• Follow the leader: The challenger operator chooses the same technology as the market leader. For example, if the leading operator is launching LTE-M then the challenger would do the same.
  • Choose an alternative to the leader: The challenger operator chooses a different technology to that of the market leader. For example, if the leader chooses LTE-M then the challenger will deploy NB-IoT.
  • Wait and see: The challenger operator waits for a winning technology to emerge before committing.

With LPWA, challenger operators have an opportunity to differentiate. Figure 1 illustrates some of the technology choices that leading and challenger operators have made. There is currently no clear trend on the approach that challenger operators are taking; some follow the leader, others do not.

Figure 1: Selected operator/markets LPWA technology choices:

Figure : Selected operator/markets LPWA technology choices

Despite the risk, adopting an alternative technology has obvious advantages

Some of the advantages for challenger operators to deploy a different LPWA technology are as follows:

  • The alternative technology will be better suited to particular use cases. It is uncertain how large the differences between NB-IoT and LTE-M will be in terms of price and performance, but if NB-IoT does have clear price advantages or longer battery life than LTE-M, it will be more attractive for some applications such as metering. This could benefit T-Mobile USA. Moreover, challenger operators could benefit enormously if their chosen technology is used for a mass-market proposition. For example, if LTE-M is used by a future Apple Watch, KPN would be in a strong position in the Dutch market compared with its competitors, T-Mobile and Vodafone, which are focused on NB-IoT.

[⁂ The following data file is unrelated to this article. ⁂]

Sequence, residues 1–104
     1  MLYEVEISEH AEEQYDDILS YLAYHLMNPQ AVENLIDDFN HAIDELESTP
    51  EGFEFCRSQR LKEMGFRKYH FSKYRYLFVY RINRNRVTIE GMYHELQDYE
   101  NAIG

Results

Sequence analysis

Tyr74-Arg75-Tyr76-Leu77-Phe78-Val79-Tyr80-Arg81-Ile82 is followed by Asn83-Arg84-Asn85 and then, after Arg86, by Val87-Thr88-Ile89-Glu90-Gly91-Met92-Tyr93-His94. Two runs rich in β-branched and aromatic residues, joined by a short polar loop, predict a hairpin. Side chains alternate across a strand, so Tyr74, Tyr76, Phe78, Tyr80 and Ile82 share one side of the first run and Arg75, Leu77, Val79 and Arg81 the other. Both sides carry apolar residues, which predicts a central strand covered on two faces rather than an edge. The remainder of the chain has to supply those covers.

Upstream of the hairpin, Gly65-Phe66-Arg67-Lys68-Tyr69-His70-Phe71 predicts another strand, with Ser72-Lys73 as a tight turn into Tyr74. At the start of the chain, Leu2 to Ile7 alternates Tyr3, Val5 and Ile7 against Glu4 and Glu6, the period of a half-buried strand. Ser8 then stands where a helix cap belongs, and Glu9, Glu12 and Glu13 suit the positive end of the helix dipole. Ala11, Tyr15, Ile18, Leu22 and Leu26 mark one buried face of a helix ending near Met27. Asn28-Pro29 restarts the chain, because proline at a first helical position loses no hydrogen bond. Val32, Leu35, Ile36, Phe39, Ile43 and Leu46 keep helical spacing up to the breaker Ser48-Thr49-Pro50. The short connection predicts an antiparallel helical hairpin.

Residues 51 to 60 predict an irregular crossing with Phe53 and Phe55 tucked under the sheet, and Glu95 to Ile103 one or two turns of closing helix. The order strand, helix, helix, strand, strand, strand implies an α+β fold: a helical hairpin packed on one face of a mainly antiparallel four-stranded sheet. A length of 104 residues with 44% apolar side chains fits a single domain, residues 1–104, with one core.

• An alternative technology could open up the enterprise market. Most challenger operators have a limited presence in the enterprise market. An alternative technology with clearly differentiated performance could help open new enterprise opportunities.
  • It should reduce competition based purely on price. If all three/four operators offer the same network technology and coverage, strong price competition will be inevitable. Different technology options should put some limits on this price competition, which may benefit all operators.
  • The operator may be in a better position to support multi-country contracts. Deutsche Telekom will be able to offer NB-IoT connectivity across all its countries, while Orange can offer LTE-M everywhere it is present. This would not be possible if the operator followed the market leader in each country it is present. Large operator groups, like Vodafone, may also generate some cost synergies from deploying the same technology in all countries.